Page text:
Week in Review: SA Outlook Cut to Negative

S&P Global Ratings cut the outlook on its assessment of South Africa’s debt to negative, citing slow growth, upwardly revised fiscal deficit and a growing debt burden. South Africa’s finances are deteriorating due to billions of rands in bailouts for unprofitable power producer Eskom Holdings SOC Ltd and other state-owned enterprises.

Gross government debt is set to surge to 80.9% of gross domestic product by fiscal 2028 unless urgent action is taken, the National Treasury said last month. The trajectory is almost 20 percentage points higher than forecast in the February budget and shows no sign of stabilizing.

Moody’s lowered the outlook on its investment grade rating to negative less than three weeks ago, effectively giving the nation three months to get its finances in order. A Moody’s downgrade would force South Africa out of the FTSE World Government Bond Index, which could prompt a sell-off and outflows of as much as $15 billion, it would also raise borrowing costs and make it even more difficult for government to finance the budget.

SA Airways (SAA) resumed normal operations over the weekend after unions finally agreed to a 5.9% wage increase following a week-long strike and protracted negotiations at the airline. According to the agreement inked on Friday, workers who earn less than R1 million per annum will get a 5.9% increase, retrospective to 1 April 2019, and be paid on February 20, 2020.

Earlier in the week the Reserve Bank’s Monetary Policy Committee (MPC) decided to keep the repo rate steady at 6,50% with a narrow majority favouring no change. The Governor presented a dovish statement before indicating that three of the five MPC members favoured no change, while the remaining two argued for a 25 basis point (bps) cut. The MPC highlighted its concerns around risks posed by possible global events in 2020 and their likely impact on capital flows and the rand exchange rate.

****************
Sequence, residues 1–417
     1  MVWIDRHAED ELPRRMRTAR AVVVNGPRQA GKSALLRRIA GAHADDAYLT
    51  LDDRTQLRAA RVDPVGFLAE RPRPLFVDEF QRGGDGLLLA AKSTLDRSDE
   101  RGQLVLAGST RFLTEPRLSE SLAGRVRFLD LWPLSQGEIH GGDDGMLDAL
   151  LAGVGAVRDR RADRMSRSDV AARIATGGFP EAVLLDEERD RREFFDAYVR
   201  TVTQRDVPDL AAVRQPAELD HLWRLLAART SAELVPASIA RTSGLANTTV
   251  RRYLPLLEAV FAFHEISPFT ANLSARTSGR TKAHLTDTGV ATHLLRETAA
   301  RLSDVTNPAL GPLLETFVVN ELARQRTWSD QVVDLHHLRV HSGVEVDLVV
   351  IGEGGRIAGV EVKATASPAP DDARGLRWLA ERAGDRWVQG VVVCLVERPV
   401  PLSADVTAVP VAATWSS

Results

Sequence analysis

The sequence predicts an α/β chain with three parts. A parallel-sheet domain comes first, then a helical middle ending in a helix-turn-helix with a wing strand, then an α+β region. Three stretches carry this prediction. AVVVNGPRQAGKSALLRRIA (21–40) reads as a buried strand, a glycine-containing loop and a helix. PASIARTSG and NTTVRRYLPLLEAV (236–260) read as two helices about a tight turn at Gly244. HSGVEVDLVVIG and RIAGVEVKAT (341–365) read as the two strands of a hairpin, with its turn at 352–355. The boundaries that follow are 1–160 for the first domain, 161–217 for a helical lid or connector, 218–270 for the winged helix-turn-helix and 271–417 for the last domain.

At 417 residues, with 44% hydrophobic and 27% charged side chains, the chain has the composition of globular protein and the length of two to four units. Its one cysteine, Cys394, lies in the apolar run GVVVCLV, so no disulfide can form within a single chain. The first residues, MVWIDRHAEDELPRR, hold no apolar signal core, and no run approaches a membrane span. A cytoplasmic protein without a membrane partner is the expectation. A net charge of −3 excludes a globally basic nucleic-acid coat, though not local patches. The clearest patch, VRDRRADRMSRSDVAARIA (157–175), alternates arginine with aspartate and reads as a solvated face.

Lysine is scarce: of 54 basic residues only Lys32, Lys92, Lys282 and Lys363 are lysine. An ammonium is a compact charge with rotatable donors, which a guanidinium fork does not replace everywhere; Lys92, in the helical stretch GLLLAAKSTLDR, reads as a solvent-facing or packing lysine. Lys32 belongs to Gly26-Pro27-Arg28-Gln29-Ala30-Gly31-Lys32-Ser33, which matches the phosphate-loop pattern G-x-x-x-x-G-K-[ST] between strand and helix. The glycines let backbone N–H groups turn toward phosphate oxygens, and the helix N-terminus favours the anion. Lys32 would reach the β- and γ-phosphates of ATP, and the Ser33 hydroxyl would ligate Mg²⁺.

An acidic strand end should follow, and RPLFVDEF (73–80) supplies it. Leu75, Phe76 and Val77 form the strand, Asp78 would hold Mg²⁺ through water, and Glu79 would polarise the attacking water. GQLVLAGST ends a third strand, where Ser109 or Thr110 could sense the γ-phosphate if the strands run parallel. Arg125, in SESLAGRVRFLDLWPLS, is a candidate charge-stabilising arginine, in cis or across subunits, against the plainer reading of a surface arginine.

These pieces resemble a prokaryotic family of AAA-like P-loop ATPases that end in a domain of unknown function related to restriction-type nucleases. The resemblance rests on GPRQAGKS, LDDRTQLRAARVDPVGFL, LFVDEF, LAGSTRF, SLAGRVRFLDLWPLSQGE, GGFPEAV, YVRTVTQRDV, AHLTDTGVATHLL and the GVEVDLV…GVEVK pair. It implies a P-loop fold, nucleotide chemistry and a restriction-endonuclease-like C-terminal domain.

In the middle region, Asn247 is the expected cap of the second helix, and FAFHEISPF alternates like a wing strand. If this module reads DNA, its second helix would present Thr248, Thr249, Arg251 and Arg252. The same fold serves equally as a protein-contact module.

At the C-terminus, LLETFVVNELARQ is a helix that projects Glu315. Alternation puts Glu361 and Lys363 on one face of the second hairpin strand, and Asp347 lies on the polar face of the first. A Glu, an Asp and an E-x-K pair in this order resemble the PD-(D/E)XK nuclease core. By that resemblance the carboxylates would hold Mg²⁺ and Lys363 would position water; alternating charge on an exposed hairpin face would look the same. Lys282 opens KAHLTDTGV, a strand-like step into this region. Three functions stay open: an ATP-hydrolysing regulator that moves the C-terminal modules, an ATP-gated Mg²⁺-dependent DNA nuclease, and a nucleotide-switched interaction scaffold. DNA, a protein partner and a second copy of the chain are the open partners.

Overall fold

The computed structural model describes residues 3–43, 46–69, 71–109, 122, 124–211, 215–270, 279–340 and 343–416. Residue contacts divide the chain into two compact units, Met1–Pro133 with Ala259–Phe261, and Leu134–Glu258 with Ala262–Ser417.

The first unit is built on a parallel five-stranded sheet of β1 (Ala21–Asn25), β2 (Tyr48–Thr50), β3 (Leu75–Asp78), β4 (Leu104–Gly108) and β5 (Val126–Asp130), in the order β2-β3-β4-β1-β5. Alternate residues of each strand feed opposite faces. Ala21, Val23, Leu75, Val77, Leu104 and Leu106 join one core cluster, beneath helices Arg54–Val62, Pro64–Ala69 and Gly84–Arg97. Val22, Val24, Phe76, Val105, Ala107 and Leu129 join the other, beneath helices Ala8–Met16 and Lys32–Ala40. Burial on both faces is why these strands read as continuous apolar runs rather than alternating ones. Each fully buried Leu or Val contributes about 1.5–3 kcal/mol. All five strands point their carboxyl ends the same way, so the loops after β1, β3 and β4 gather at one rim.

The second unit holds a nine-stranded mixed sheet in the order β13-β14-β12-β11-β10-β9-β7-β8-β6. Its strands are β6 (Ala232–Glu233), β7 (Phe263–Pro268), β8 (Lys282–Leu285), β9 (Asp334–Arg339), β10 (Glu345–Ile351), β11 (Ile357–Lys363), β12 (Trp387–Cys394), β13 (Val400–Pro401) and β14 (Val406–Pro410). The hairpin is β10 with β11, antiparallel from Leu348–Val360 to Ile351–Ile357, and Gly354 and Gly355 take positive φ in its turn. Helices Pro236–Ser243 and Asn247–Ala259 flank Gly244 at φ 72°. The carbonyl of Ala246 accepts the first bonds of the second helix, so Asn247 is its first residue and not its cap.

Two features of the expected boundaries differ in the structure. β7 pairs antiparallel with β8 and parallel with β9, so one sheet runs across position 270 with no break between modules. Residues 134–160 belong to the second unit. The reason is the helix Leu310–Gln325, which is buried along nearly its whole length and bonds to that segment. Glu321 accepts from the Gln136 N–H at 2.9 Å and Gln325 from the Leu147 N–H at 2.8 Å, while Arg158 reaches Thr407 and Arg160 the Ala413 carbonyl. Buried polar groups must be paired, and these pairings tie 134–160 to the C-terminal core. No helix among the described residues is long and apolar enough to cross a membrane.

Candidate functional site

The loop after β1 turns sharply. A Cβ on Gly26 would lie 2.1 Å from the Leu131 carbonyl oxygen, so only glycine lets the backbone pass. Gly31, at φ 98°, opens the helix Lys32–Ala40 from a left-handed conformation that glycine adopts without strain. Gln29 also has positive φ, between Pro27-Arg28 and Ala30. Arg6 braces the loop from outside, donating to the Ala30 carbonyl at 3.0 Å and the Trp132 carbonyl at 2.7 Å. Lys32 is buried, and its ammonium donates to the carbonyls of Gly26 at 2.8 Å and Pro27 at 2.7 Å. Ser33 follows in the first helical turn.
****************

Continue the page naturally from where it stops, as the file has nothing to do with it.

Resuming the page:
The JSE All Share Index ended the week 1.26% stronger, with industrials (2.59%) and resources (0.62%) stronger while financials ended flat.

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Market Moves of the Week

Stocks globally moved modestly lower over the week, with the S&P 500 Index ending a streak of six weekly gains on trade concerns. Within the S&P 500, energy stocks outperformed, helped by a rise in oil prices following a smaller-than-expected increase in U.S. crude supplies. Health care stocks were also strong, helped by some moderation in presidential candidate Elizabeth Warren’s plans for a “Medicare for all” system.

Ongoing uncertainty about whether a “phase one” U.S.-China trade deal can be signed before year-end was the primary headwind over the week. On a positive note the flash purchasing managers' indices released this week showed the continuing trend toward stabilization in the global manufacturing sector. Data improved in the US, Europe and Japan, with Germany a particular bright spot.

Prime Minister Boris Johnson and Labour Party leader Jeremy Corbyn squared off in a debate this week in advance of the 12 December general election. Opinion polls showed that Johnson scored a very narrow victory in the debate, though his Conservative Party currently holds an approximately 14% lead in the polls.

In the US, the Dow Jones (-0.46%), S&P 500 (-0.33%) and Nasdaq (-0.25%) posted modest declines. Asian markets were also weaker with the Nikkei 225 (-0.82%) and Shanghai Composite (-0.21%) both ending the week in negative territory, whilst European markets were mixed: Euro Stoxx 50 (-0.65%) and FTSE 100 (+0.33%).

Weekly
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Chart of the Week

Following Friday's decision, S&P has SA's long-term foreign currency rating at BB (Negative) and the country's long-term local currency rating at BB+ (Negative). Whilst risk metrics have worsened significantly one positive is that South Africa has relatively low levels of external debt denominated in foreign currency.

Ratings

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